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peace, based not on a sudden revolution in human nature, but on a gradual evolution in human institutions. on a series of concrete actions, and effective agreements which are in the interests of all concerned. there is no single, simple key to this peace, no grand or imaginic formula to be adopted by one or two powers, genuine peace must be the product of many nations. the sum of many acts, it must be dynamic, not static. changing to meet the challenge of each new generation. for peace is a process. a way of solving problems. >> the agreement now reached between the international community and the islamic republic of iran builds on this tradition of strong prince. ed diplomacy. after two years of negotiations,
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we have achieved a detailed arrangement that permanently prohibits iran from obtaining a nuclear weapon. it cuts off all of iran's pathways to obama. it contains the most comprehensive inspection and verification regime ever negotiated to monitor a nuclear program. the prohibition on iran having a nuclear weapon is permanent. the ban on weapons related research is permanent. inspections are permanent. it is true that some of the limitations regarding iran's peaceful program, last only 15 years. but that's how arms control agreements work. first solved treaty with the solve yet union lasted five years. the first start treaty lasted 15 years. those who say we can just walk away from this deal and maintain sanctions are selling a fantasy.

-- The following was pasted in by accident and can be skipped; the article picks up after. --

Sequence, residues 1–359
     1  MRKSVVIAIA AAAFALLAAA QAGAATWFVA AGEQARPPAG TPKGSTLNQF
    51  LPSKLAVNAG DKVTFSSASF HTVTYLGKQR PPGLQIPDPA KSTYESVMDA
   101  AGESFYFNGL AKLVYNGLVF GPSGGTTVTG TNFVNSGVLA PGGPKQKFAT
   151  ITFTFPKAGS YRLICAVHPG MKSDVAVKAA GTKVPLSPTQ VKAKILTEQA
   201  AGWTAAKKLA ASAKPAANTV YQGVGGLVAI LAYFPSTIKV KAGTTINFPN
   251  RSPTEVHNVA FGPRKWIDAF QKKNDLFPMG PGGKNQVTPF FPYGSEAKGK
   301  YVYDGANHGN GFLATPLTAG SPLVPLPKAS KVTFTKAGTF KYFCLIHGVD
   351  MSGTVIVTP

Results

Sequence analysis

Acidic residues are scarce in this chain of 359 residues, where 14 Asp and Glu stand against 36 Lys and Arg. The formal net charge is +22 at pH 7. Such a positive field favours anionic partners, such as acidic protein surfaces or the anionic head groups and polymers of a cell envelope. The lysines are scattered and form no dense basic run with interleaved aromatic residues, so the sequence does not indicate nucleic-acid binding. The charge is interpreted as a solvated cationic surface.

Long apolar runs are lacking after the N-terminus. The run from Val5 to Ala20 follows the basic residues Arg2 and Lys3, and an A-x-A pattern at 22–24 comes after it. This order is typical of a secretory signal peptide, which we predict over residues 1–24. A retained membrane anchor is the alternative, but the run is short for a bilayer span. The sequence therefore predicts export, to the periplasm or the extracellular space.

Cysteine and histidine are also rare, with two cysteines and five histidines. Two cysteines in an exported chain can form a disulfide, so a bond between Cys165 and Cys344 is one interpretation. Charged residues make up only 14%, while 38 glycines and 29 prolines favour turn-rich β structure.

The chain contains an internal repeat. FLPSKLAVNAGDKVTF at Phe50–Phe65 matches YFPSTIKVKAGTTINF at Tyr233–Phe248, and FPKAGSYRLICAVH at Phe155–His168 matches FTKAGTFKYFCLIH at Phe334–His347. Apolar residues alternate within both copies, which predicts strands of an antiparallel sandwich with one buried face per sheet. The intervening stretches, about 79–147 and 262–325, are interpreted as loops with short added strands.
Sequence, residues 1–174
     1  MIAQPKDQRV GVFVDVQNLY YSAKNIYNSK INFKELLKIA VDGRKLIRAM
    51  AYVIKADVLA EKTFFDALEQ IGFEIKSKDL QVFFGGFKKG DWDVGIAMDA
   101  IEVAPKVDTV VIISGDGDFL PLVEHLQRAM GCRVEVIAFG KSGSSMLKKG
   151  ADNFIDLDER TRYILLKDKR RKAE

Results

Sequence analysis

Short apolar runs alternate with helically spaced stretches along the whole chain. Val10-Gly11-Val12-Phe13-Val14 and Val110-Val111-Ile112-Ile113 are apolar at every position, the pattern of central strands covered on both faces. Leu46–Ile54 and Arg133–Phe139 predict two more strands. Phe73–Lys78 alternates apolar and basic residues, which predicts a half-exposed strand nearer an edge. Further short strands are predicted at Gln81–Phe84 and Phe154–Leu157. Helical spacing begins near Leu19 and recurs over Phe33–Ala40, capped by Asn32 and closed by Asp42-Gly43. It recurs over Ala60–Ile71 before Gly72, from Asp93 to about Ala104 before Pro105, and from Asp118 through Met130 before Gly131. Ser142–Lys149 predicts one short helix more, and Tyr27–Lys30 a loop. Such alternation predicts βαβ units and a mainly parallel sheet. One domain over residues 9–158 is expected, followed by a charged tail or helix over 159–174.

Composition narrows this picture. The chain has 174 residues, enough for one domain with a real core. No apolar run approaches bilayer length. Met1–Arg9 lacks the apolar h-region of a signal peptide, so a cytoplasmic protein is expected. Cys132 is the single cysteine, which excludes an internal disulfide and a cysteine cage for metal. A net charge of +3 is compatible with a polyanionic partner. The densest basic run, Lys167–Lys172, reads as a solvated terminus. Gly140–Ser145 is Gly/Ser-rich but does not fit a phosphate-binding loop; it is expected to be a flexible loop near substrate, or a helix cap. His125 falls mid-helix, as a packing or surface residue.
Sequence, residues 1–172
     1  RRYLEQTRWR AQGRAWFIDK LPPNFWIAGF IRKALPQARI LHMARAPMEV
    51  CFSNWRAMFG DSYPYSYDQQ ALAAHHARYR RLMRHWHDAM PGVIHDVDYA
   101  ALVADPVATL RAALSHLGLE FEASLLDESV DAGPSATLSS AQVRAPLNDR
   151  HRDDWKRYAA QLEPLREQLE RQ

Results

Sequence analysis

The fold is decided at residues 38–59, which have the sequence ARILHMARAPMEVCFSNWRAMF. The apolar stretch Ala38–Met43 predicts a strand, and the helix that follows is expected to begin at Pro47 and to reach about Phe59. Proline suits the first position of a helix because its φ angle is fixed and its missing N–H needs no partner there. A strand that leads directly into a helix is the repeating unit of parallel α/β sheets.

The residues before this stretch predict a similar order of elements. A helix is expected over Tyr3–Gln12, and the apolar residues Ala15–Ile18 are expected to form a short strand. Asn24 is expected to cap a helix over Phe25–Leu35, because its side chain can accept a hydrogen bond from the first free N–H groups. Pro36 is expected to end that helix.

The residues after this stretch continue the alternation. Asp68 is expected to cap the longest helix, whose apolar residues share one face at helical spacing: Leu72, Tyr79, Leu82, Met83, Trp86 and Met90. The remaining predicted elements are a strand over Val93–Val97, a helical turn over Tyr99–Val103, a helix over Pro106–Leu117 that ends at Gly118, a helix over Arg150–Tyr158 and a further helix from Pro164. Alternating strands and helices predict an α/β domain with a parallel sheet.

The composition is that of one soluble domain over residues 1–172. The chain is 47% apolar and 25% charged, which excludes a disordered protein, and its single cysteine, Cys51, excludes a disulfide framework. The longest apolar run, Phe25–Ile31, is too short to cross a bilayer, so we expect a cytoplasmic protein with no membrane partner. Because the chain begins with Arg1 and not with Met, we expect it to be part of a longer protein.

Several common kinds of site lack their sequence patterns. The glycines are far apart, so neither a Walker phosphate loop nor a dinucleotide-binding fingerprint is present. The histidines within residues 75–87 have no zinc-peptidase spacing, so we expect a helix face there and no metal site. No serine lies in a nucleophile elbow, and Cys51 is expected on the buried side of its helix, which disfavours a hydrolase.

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instead of strengthening our position as some have suggested, congress's rejection would almost certainly result in multilateral sanctions unraveling. so let's not mince words, the choice we face is ultimately between diplomacy or some form of war. maybe not tomorrow, maybe not three months from now, but soon. and here's the irony, as i said before, military action would be far less effective than this deal in preventing iran from obtaining a nuclear weapon. that's not just my supposition, everest mat, including those from israeli analysts suggest military action would only set back iran's program by a few years at best. which is a fraction of the limitations imposed by this
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deal. if we've learned anything from the last decade, it's that wars in general and wars in the middle east in particular, are anything but simple. [ applause ] >> we'll be back with analysis of president obama's speech.
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and the new global war on terror." also joining us, professor at the school of foreign service at georgetown university and president of the national iranian-american council. professor, your family, you know iran well, your father had been arrested by the shah of iran and by the ayatollah. i'm assuming you can look at the society with no illusions. one of the things we notice in all of the opponents of this deal is that they assume that the regime in iran is just full of irrational actors with irrational expectations of what's possible, and that they have a mission to obtain a nuclear weapon, and if you listen to bb netanyahu, they have to use that weapon against israel which is already armed with nuclear weapons, more than iran would be able to make. and so that there's this